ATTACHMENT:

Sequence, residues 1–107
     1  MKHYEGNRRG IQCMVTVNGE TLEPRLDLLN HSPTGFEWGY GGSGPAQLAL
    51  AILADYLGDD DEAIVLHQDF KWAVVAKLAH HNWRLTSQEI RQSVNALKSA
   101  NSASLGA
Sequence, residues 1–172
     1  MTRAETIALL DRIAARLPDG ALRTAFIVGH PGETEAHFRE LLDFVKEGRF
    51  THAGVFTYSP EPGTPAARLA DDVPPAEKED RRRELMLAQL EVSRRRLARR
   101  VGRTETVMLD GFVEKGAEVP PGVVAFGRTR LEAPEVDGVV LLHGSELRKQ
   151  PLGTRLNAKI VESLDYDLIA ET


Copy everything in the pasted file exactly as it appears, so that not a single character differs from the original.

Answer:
Sequence, residues 1–107
     1  MKHYEGNRRG IQCMVTVNGE TLEPRLDLLN HSPTGFEWGY GGSGPAQLAL
    51  AILADYLGDD DEAIVLHQDF KWAVVAKLAH HNWRLTSQEI RQSVNALKSA
   101  NSASLGA
Sequence, residues 1–172
     1  MTRAETIALL DRIAARLPDG ALRTAFIVGH PGETEAHFRE LLDFVKEGRF
    51  THAGVFTYSP EPGTPAARLA DDVPPAEKED RRRELMLAQL EVSRRRLARR
   101  VGRTETVMLD GFVEKGAEVP PGVVAFGRTR LEAPEVDGVV LLHGSELRKQ
   151  PLGTRLNAKI VESLDYDLIA ET